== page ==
Community connections boost wellbeing in people living with dementia

December 6th 2017

Community connections boost wellbeing in people living with dementiaNew research shows that people living with dementia benefit from being connected with their local community. At Care UK, teams are working to develop these crucial links.

The research, carried out over a five-year period by academics at the University of Manchester, is the largest study of its kind. It investigates how people living with dementia and their partners experience their local neighbourhoods.

The report says familiarity with people in local shops, cafés and even on the street was crucial to the participants of the study. The researchers say acts of kindness by neighbours – like taking the bins out each week – have a huge effect on their wellbeing.

The researchers also found that some people with dementia still have a valuable role in their neighbourhoods by looking out for things, collecting newspapers, and caring for grandchildren.

The findings come as no surprise to Sam Woods, customer relations manager at Cavell Court care home in Norfolk, who has helped to devise an award-winning series of community events and activities.

The home has been recognised by Norfolk County Council for helping to end loneliness in the region. It was one of only seven organisations, and the only care home, to achieve the Quality PLUS mark. This recognises organisations that have gone above and beyond to help engage with those who may feel isolated or lonely in the local community.

Sam explained: “We have an open-door policy so the community know we value them and we feel a part of all that goes on locally. That has enormous benefits for residents young and old in Cringleford.”

Once a month, the home offers a free lunch to anyone in the community experiencing loneliness. Sam said: “Everyone benefits from the community lunch club. The visitors enjoy a three-course meal and company: our residents meet new people and they like sharing stories about the local community.”

Residents have also benefited from the intergenerational activities created by Sam and the team: “We have had a number of intergenerational projects with Cringleford Primary School that have bought joy and a sense of purpose to residents – and a new perspective to pupils.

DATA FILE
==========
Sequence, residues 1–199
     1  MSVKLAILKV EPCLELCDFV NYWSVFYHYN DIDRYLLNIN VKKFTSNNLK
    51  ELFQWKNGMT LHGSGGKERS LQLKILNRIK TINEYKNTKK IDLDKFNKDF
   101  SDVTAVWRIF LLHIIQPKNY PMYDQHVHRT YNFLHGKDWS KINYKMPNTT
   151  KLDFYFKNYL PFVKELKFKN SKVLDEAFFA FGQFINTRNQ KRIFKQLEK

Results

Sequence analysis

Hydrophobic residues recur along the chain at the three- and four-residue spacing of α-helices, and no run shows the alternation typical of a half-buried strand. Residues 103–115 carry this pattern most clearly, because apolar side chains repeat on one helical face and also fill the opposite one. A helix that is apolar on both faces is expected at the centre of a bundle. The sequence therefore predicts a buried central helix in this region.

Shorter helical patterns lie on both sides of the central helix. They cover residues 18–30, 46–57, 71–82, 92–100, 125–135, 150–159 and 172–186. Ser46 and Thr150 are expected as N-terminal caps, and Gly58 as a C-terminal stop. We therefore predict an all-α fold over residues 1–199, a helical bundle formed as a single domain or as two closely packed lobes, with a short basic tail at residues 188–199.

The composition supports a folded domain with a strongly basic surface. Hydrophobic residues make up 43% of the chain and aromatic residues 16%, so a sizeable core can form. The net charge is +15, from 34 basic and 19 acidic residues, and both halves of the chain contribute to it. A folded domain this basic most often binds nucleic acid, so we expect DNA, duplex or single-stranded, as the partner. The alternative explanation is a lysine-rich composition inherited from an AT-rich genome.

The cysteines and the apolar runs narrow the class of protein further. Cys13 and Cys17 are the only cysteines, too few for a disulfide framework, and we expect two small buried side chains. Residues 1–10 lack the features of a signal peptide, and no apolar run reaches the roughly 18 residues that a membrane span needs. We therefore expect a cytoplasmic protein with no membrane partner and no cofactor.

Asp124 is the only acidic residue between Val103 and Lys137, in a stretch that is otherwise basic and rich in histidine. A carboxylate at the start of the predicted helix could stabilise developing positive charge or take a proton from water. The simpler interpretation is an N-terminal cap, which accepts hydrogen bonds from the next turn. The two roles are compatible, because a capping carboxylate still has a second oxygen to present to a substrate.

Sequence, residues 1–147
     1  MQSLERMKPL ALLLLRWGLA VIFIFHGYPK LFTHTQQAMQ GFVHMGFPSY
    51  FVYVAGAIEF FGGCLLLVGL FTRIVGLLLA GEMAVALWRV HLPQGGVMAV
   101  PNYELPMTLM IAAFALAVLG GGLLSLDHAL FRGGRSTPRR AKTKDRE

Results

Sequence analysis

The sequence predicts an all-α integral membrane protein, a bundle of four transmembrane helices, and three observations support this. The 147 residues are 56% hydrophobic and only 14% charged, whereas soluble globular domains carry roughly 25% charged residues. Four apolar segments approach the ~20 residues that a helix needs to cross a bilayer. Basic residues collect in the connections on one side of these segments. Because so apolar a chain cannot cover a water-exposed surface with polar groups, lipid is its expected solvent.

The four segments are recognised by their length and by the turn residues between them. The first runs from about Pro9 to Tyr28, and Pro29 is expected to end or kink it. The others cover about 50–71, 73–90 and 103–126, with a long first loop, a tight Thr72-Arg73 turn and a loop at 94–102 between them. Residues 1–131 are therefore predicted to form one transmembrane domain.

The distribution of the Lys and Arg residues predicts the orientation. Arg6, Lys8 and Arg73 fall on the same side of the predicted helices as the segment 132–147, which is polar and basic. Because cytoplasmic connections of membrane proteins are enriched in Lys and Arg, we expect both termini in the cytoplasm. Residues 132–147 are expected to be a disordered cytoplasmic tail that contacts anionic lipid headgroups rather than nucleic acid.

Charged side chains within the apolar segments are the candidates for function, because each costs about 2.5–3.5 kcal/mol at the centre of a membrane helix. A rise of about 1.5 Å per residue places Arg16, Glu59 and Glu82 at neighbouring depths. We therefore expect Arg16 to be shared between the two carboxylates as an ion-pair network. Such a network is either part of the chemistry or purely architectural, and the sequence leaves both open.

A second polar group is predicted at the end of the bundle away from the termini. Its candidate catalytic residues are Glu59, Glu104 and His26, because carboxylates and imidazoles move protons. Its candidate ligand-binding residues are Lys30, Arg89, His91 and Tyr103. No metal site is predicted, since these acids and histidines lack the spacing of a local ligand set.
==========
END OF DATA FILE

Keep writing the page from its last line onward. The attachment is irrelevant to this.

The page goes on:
“Children from year three joined us to make bird houses and create fat balls and then came back to help residents count numbers and species of birds in the grounds for the RSPB’s Big Garden Birdwatch. Some residents have also been to the school to join in lessons and to watch the children’s recitals. Our local police cadets have also been working with residents on creating a wildlife-friendly garden, with hedgehog runs and plants that attract insects.”

Cavell Court’s open-door policy extends to local groups: “We offer our cinema to the Alzheimer’s Society for their volunteer meetings and to the local hospital’s consultants when they want to train their teams. This has strengthened our relationships with the hospital and with some of the other people who are key to the wellbeing of our residents.”

Members of Cringleford Bridge Club join in the life of the home and came into Cavell Court to help the team set up a bridge club. This also involved playing with the residents when there were not enough people who knew how to play. The home also works with the Norfolk Deaf Association, providing a room free of charge so it can carry out a monthly drop in hearing clinic so residents and members of the public can take advantage of this free service.

Sam added: “The message from our experience and the research is clear: there are real benefits to being actively involved in the community and our happy, engaged residents are proof of this.”

Read more about the research on the University of Manchester website.